whether there were one or two distinct alliances in the first century BC, as the
sources separately mention Transalpine and Cisalpine Iapodes with political centres
in Metulum and Aruvium (near modern Ogulin and Otoac)30. The existence of
strong regional cultural traditions31 and the absence of a dominant political and/or
economic centre suggest internal rivalry and political heterogeneity within this
cultural group. So, it would not be surprising to find significant fluency in social
organisation, and the frequent appearance and disappearance of political alliances
in this region.

The Pannonii
The Pannonii is an unfortunate identity-label applied by written sources to various indigenous communities from future southern Pannonia and northern Dalmatia, such as the Segestani (Segesticani), Breuci, Mezaei, Daesitiates, Ditiones, etc.
The Pannonii are mentioned for the first time in the second century BC in the written sources32. As a common label it was applied to different communities between
the Sava and Drava and south of Sava in modern-day northern and central Bosnia,
in relation to their conflicts with the Romans in the second and first centuries BC
and the bellum Batonianum from AD 6-9. The original perception of the indigenous
Pannonii in Hellenistic ethnography was formed through the outside recognition of
existing cultural similarities within the wider region, rather than being a self-perception shared by those Iron Age groups. This outside perception, which is partly
preserved in very similar ways in Appian and in Strabo, imposes a certain order and
logic for external observers. It projects a single ethnographic stereotype onto political and kin-based groups, which participated in maintaining a joint wider cultural habitus. However, this cultural habitus of the Pannonii was visibly fragmented by
a complex set of horizontal and vertical social networks established between the
groups, which were defined through different mechanisms of inter-group negotiations, appearing as either social inclusions or exclusions33.
The communities perceived as the Pannonii in the written sources were not part
of the same Iron Age archaeological culture as the previously discussed two. The
communities discussed here are considered to be part of the Donja Dolina-Sanski
Most and Central Bosnian cultures (cultural complex), both located south of the river Sava Donja Dolina-Sanski Most in western Bosnia and Krajina and Central Bosnian in the lower valley of Bosna, the valley of Lava and the wider area of central
Strabo 4.6.10; 7.5.2, see ael Kos 2002b; 2005, 424-426; Dzino 2010, 70-71 with bibliography.
Oluji 2007, 87, 95-96, 219 argues that there was one, while the idea of two related but distinct
alliances is supported by ae 1979, 67; ael Kos 2005a, 422-437; Dzino 2008b, 376-377; 2010, 41, 109.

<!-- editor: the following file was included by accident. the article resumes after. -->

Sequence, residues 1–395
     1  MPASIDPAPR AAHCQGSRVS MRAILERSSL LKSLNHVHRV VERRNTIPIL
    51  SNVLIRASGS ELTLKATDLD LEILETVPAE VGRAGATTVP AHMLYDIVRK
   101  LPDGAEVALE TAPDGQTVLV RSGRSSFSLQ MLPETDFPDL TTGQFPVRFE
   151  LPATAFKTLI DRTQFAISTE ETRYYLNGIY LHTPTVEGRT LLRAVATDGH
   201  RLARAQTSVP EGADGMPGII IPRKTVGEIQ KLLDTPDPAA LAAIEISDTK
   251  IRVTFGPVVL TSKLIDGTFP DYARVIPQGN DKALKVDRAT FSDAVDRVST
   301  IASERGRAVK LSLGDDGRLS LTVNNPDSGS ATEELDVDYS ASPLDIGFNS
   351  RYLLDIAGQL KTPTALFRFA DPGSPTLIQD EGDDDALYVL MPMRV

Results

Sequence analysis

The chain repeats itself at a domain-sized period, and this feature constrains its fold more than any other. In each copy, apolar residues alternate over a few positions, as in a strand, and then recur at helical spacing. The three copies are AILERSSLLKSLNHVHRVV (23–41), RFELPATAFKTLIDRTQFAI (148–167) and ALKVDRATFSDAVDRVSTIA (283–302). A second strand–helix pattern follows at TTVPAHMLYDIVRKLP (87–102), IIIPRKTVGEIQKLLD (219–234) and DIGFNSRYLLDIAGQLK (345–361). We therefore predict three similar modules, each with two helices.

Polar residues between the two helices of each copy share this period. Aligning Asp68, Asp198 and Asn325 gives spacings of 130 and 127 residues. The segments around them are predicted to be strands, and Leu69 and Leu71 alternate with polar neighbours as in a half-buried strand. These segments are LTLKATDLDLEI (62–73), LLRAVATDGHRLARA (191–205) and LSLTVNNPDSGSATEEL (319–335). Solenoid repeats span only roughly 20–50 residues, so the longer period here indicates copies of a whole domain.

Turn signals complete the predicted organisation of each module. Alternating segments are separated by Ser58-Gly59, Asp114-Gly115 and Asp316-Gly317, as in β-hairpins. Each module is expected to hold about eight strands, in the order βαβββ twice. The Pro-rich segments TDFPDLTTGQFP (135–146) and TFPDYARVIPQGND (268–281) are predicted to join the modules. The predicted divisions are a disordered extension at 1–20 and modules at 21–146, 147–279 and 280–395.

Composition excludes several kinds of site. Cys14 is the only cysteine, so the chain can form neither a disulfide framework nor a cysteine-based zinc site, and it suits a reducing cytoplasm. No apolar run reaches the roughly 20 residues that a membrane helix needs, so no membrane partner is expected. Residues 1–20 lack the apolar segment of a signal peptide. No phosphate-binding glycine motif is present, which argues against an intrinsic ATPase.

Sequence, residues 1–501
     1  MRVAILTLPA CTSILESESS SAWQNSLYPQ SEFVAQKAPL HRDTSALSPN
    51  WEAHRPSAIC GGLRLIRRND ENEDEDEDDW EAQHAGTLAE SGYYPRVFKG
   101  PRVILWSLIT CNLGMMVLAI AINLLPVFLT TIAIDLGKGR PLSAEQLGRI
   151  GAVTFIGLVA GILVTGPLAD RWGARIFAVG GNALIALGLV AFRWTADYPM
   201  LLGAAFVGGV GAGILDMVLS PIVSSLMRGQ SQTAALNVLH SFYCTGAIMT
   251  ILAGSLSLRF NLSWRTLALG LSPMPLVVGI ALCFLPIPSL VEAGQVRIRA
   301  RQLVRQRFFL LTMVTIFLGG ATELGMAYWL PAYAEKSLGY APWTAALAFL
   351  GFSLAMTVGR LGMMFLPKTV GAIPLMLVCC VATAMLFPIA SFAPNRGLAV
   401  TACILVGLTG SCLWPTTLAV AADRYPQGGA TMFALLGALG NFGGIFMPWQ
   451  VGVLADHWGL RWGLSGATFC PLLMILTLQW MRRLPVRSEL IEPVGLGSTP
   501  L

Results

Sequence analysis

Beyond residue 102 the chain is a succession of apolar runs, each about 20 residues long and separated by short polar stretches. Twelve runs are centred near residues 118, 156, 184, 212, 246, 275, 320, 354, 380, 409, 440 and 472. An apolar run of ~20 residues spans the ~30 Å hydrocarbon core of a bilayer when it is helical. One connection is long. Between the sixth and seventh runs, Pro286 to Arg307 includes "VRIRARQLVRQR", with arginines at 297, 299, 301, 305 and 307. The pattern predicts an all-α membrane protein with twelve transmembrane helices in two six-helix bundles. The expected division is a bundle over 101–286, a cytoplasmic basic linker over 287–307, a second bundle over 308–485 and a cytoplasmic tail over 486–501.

31
Balen Letuni 1995/96, 27-28; 1999/2000, 31-32; Oluji 2007, 180-185.
32
Polyb., frg. 64, cf. Wallbank 1979, 748. Graeco-Roman perception of the Pannonian communities is
best preserved in Strabo, 7.5.3, 7.5.10 and App. Illyr. 22.
33
Dzino and Domi Kuni forthcoming, see also ael Kos 2005a, 375-80, 83-84; 2005b.
29

30

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Danijel Dzino

Bosnia. Unfortunately, both of these groups are insufficiently known, due to limited
and insufficient excavation records. More knowledge is available on Donja DolinaSanski Most, which played an important role in early Iron Age exchange routes as a
link between Glasinac, the south-eastern Alps and northern Adriatic, as important
producers of iron, thanks to abundant regional deposits34. The Central Bosnian
culture is less known, but shows continuous development of a few important sites,
such as Debelo Brdo-Sarajevo and Pod near Bugojno. Recent finds in olaci near
Donji Vakuf promise to provide more insight into the significance of these communities in the production and exchange of iron in the Iron Ages.35
These cultures shared a similar cultural habitus, but there were also visible differences with Pannonian communities north of the Sava. Again, there is no evidence
that either of these cultures had princely tombs, although Donja Dolina maintained close links with the neighbouring Kaptol finds near Poega, where princely
tombs are discovered. Pannonian communities north of the Sava rapidly transformed ca. 400 BC and the area between the Drava and Sava becomes strongly impacted
by La Tne culture. The change south of the Sava is proportional with the proximity
to this river strongest in Donja Dolina, less strong in Sanski Most, and even less
visible in Central Bosnian communities, although it would be wrong to say that
there were no La Tene influences there, or that they were minimal. These communities were much more eclectic in combining La Tne with existing traditions and
Mediterranean influences coming from the south, as we can see in the example of
Kamenjaa cemetery in the valley of the river Bosna.36
The communities known as the Daesitiates and Mezaei are not mentioned by
name before the indigenous uprising in the bellum Batonianum, and as a matter of
fact, there is no written record of any community living in this area before the first
century BC37. It is possible that the Romans entered into conflict with the Daesitiates as early as Octavians campaign. Appian, in his Illyrian wars, mentions the
group of Daisioi, who apparently gave strong resistance to Octavian, and who are